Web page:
Tag Archives: one-drop rule

Native + Native ≠ Native?

How is it possible for the offspring of two native Americans to be anything but native American?

During the time Dawes Rolls were instituted, Blood Quantum laws were being used to determine who was native enough to be included in one of the Five Civilized Tribes.  Some natives were excluded because they didn’t have enough blood of one tribe to be included on their registry.  As crazy as this may sound, those who were mixed with several different tribes were only allowed to enroll in one tribe.  So, instead of adding up their blood quantum to be included, they could only claim the portion for the tribe they chose.

For example, if someone had 100% native blood, but from four different tribes, they could only claim 1/4 blood from one of the tribes.  If that tribe required 1/2 degree blood quantum, then the native was excluded.  As with the One-Drop Rule, these laws excluded many natives from tribal affiliation, thereby stripping them of their heritage and rights.

Know Better:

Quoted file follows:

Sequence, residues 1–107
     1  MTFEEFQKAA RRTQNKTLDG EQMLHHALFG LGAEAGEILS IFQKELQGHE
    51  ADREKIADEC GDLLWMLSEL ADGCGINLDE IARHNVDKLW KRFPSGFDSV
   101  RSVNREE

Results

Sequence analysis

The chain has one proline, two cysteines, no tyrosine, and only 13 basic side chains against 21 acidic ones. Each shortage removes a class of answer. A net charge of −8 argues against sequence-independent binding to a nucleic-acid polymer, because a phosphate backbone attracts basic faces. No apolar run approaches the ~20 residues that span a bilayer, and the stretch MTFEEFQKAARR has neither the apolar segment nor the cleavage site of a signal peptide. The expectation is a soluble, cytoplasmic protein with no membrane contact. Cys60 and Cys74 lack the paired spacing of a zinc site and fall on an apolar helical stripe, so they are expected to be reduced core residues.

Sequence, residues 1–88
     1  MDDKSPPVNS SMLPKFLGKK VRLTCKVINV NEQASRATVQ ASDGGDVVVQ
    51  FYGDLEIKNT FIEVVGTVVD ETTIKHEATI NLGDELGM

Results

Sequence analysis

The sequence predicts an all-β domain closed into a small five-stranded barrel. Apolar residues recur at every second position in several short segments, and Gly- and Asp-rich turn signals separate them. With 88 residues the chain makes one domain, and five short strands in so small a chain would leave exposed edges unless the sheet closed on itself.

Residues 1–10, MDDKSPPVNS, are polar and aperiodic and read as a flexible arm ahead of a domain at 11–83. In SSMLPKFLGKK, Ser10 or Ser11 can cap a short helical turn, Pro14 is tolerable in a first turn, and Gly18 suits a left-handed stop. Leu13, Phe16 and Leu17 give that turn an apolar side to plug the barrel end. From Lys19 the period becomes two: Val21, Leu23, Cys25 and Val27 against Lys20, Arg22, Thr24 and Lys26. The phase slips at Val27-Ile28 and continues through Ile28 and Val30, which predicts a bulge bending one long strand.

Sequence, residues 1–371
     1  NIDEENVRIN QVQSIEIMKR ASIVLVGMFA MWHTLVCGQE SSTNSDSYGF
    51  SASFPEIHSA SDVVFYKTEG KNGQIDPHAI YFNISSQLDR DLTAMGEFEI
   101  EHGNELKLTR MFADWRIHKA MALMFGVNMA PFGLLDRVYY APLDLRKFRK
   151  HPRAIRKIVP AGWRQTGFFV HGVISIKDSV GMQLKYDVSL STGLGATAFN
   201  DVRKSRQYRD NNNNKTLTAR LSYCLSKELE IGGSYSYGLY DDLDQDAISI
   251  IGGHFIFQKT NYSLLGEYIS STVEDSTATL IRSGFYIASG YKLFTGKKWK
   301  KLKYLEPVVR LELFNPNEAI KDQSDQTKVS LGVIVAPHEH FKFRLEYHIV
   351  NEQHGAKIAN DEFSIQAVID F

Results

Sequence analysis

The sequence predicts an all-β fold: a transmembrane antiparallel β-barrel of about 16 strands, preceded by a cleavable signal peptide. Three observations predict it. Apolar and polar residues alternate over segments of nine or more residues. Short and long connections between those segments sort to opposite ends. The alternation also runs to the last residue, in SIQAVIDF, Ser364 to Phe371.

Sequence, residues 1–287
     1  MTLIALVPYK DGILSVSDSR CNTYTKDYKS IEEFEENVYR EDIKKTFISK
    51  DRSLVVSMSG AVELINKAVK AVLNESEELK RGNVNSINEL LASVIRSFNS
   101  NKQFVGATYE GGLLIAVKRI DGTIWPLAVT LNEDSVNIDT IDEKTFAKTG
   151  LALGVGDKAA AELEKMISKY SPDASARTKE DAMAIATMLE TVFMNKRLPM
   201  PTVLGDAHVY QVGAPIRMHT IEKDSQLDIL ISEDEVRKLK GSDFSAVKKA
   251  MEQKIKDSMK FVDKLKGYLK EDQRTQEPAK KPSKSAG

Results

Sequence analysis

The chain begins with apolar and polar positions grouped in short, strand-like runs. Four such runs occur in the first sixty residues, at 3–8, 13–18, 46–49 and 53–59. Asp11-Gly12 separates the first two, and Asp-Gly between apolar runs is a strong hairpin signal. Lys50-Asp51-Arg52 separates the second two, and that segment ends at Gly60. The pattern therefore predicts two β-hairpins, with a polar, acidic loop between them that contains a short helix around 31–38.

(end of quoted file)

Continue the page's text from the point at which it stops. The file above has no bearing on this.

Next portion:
Blood Quantum Laws – wikipedia.org
Who is More Choctaw Than Another – freepages.genealogy.rootsweb.ancestry.com

Do Better:
Know that these laws I’ve been blogging about were put into place for a reason.  That reason was to take away the identity of the coppered-colored races of people the Europeans found here.  Taking away the identity made it easier for them to take over the land.  It is imperative for you to research your ancestry so you’ll know who you are.

Native + African = Black

The One-Drop Rule was established during the late 1800s and early 1900s, when racial classification laws were being passed.  Under this rule, anyone with one drop of African blood was classified as Black.

During that period, it was not uncommon for native Americans to form bonds with Africans, called Negroes.  According to the One-Drop Rule, the child of a Native American and a Negro would be classified as Black.  As harmless as this “label” may have seemed, it excluded many natives from tribal affiliation, thereby stripping them of their heritage and rights.

Know Better:
Blacklisted Native Americans – blackindiansunited5tribesembassy.org

Do Better:
For those of you who have started researching your ancestry using census and vital statistics records, you may keep running into the classification of “Black” or “Negro.”  This doesn’t rule out native American ancestry.  It just means at least one of the parents were African.  The other parent could have been from here, so keep digging.  This is where retrieving oral stories from elder relatives becomes important.  When I interviewed my relatives, I was surprised to find out how many of the grandmothers were so-called Indian.